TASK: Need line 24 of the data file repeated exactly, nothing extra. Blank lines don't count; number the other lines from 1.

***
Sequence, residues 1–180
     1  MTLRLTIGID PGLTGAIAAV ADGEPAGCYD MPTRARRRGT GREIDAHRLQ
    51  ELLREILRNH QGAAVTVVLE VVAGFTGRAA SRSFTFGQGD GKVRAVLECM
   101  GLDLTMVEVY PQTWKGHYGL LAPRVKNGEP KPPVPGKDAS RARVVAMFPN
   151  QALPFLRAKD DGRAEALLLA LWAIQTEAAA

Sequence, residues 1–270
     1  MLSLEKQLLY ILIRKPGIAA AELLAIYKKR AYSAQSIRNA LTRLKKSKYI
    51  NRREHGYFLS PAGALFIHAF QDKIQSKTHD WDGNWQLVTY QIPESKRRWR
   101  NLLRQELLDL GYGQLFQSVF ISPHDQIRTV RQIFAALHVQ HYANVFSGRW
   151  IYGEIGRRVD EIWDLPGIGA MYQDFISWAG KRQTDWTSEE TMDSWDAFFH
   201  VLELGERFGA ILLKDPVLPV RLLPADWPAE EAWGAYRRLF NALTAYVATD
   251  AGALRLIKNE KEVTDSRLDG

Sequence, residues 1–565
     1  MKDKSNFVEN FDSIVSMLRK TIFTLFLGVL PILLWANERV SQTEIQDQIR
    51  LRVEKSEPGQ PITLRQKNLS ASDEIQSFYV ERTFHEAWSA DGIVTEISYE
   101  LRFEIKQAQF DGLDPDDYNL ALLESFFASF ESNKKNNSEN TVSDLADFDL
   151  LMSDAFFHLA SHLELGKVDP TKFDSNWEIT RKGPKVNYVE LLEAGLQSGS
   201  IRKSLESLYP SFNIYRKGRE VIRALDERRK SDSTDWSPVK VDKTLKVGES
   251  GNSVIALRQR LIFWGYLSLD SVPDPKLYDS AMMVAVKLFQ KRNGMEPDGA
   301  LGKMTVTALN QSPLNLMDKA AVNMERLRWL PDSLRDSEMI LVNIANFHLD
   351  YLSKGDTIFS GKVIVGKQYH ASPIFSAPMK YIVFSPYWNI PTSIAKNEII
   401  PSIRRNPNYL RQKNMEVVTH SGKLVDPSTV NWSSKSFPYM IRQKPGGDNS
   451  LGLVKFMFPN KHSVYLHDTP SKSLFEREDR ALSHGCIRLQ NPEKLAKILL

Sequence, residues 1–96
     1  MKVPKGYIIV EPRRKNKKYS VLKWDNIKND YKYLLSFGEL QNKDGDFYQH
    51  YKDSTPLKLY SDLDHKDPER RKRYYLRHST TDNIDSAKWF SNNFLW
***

Sequence, residues 1–96